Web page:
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This article in JEQ

  1. Vol. 34 No. 6, p. 2005-2017
     
    Received: July 1, 2005
    Published: Nov, 2005


    * Corresponding author(s): tlprichard@ucdavis.edu
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doi:10.2134/jeq2004.0253

Movement of Diuron and Hexazinone in Clay Soil and Infiltrated Pond Water

  1. Terry Prichard *a,
  2. John Troianob,
  3. Joe Maradeb,
  4. Fengmao Guoc and
  5. Mick Canevaria
  1. a Univ. of California, 420 S. Wilson Way, Stockton, CA 95215
    b Environmental Monitoring Branch, Dep. of Pesticide Regulation, California EPA, 1001 I Street, Sacramento, CA 95812-4015
    c California Dep. of Water Resources, P.O. Box 942836, Sacramento, CA 94236-0001

Abstract

Pre-emergence herbicide residues were detected in domestic wells sampled near Tracy, CA. This study sought to determine the source of contamination by comparing soil distribution of diuron [N′-(3,4-dichlorophenyl)-N,N-dimethylurea] and hexazinone [3-cyclohexyl-6-(dimethylamino)-1-methyl-1,3,5-triazine-2,4(1H,3H)-dione] in an agricultural field where the soil was a cracking clay to infiltration of residues in water captured by an adjacent holding pond. Diuron and hexazinone were applied in December to a 3-yr-old alfalfa (Medicago sativa L.) crop. Water content of soil taken after major rainfall but before irrigation at 106 d after application was elevated at the lowest depth sampled centered at 953 mm, indicating water was available for percolation. Herbicide residues (reporting limit 8 μg kg−1) were confined above the 152 mm soil depth, even after subsequent application of two border-check surface irrigations. The pattern of distribution and concentration of residues in the soil were similar to results obtained from the LEACHM model, suggesting that macropore flow was limited to a shallow depth of soil. Herbicide residues were measured in runoff water at the first irrigation at 20 μg L−1 for diuron and 1 μg L−1 for hexazinone. Runoff water captured in the pond rapidly infiltrated into the subsurface soil, causing a concomitant rise in ground water elevation near the pond. Herbicide residues were also detected in the sampled ground water. We concluded that the pond was the predominant source for movement to ground water. Since addition of a surfactant to the spray mixture did not reduce concentrations in runoff water, mitigation methods will focus on minimizing infiltration of water from the pond.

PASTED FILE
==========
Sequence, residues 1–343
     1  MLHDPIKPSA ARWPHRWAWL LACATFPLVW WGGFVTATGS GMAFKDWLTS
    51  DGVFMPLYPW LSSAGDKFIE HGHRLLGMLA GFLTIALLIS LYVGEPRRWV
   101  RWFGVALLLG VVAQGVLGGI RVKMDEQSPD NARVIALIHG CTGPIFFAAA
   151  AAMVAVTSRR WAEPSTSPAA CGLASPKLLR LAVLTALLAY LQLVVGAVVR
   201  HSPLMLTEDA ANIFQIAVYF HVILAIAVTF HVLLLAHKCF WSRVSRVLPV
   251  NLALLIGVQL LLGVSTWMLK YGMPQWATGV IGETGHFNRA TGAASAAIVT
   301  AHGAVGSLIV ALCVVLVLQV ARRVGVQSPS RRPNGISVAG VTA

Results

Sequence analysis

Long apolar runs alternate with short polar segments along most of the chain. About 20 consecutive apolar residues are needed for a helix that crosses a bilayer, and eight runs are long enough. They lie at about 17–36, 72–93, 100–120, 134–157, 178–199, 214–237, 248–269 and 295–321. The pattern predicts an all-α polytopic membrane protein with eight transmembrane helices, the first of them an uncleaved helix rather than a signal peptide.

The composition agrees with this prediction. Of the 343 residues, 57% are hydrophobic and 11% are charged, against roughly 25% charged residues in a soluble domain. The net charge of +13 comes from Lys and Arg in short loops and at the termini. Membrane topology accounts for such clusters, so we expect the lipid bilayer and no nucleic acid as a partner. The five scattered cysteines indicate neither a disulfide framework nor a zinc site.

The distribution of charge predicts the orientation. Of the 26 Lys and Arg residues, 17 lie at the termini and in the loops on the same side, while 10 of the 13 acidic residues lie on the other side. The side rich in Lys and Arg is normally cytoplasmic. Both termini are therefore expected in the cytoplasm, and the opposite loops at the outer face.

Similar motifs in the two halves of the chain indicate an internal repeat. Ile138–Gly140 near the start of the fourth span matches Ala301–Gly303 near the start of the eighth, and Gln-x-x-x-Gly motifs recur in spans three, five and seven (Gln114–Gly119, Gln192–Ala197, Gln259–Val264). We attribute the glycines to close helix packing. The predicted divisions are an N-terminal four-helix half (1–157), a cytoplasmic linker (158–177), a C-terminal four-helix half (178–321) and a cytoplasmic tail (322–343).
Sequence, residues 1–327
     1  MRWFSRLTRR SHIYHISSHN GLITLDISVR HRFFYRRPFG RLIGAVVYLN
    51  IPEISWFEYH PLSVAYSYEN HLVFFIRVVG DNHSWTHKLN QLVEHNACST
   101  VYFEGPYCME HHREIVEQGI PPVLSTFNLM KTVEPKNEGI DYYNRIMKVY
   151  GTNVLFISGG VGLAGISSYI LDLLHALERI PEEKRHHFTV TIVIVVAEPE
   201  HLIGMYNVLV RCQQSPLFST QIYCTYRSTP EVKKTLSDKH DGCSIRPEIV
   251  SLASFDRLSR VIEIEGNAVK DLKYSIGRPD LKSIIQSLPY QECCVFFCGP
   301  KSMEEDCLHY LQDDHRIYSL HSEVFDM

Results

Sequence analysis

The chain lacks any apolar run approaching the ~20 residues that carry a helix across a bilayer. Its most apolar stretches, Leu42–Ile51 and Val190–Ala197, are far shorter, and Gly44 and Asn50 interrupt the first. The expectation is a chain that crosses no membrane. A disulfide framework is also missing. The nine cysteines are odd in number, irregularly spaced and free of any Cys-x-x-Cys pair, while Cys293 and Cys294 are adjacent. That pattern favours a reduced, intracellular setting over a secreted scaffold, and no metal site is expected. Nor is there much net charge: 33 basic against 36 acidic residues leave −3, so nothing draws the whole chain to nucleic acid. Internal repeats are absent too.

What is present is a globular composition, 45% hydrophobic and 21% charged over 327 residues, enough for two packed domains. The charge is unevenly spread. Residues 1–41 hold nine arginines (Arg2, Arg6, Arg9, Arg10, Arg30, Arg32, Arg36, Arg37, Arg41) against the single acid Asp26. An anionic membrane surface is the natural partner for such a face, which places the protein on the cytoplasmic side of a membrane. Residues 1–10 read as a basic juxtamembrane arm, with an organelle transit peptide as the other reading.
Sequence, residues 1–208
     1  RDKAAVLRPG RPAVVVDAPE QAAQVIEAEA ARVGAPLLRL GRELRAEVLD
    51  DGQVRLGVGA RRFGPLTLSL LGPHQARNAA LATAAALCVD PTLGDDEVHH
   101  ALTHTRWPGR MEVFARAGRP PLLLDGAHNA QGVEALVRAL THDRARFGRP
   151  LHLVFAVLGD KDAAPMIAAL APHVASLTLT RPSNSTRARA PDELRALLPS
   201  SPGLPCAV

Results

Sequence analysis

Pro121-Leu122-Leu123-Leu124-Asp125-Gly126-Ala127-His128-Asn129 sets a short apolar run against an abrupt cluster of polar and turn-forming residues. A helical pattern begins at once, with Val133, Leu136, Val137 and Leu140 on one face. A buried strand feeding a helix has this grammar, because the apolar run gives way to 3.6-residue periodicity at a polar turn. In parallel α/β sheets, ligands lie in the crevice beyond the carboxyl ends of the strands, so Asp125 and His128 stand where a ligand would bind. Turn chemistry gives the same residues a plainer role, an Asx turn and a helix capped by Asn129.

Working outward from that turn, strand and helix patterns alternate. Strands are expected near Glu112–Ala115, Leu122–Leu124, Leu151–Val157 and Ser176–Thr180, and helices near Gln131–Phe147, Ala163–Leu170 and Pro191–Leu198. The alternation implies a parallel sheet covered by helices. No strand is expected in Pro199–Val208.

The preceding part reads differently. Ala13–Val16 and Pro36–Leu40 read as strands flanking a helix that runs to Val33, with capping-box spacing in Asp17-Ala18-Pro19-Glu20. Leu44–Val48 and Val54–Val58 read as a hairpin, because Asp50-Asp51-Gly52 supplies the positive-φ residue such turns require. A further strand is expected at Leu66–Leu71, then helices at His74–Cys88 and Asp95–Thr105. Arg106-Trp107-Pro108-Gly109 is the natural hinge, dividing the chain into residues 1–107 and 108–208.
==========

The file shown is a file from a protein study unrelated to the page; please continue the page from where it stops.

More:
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Copyright © 2005. American Society of Agronomy, Crop Science Society of America, Soil Science SocietyASA, CSSA, SSSA